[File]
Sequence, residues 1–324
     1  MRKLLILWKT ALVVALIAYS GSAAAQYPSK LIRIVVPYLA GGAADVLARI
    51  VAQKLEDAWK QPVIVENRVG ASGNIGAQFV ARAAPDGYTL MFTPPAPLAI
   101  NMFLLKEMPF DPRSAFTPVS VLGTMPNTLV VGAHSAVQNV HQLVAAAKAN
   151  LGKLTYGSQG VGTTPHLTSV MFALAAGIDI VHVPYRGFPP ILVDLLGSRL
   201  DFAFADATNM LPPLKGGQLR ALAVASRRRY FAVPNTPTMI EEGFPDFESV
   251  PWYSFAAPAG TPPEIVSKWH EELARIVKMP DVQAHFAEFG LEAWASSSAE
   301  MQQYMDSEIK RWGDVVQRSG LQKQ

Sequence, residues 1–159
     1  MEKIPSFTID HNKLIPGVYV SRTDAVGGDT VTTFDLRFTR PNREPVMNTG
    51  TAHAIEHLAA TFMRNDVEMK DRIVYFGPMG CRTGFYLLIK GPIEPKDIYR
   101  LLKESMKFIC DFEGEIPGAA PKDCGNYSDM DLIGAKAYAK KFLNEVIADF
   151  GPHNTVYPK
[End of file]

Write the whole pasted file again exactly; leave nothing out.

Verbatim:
Sequence, residues 1–324
     1  MRKLLILWKT ALVVALIAYS GSAAAQYPSK LIRIVVPYLA GGAADVLARI
    51  VAQKLEDAWK QPVIVENRVG ASGNIGAQFV ARAAPDGYTL MFTPPAPLAI
   101  NMFLLKEMPF DPRSAFTPVS VLGTMPNTLV VGAHSAVQNV HQLVAAAKAN
   151  LGKLTYGSQG VGTTPHLTSV MFALAAGIDI VHVPYRGFPP ILVDLLGSRL
   201  DFAFADATNM LPPLKGGQLR ALAVASRRRY FAVPNTPTMI EEGFPDFESV
   251  PWYSFAAPAG TPPEIVSKWH EELARIVKMP DVQAHFAEFG LEAWASSSAE
   301  MQQYMDSEIK RWGDVVQRSG LQKQ

Sequence, residues 1–159
     1  MEKIPSFTID HNKLIPGVYV SRTDAVGGDT VTTFDLRFTR PNREPVMNTG
    51  TAHAIEHLAA TFMRNDVEMK DRIVYFGPMG CRTGFYLLIK GPIEPKDIYR
   101  LLKESMKFIC DFEGEIPGAA PKDCGNYSDM DLIGAKAYAK KFLNEVIADF
   151  GPHNTVYPK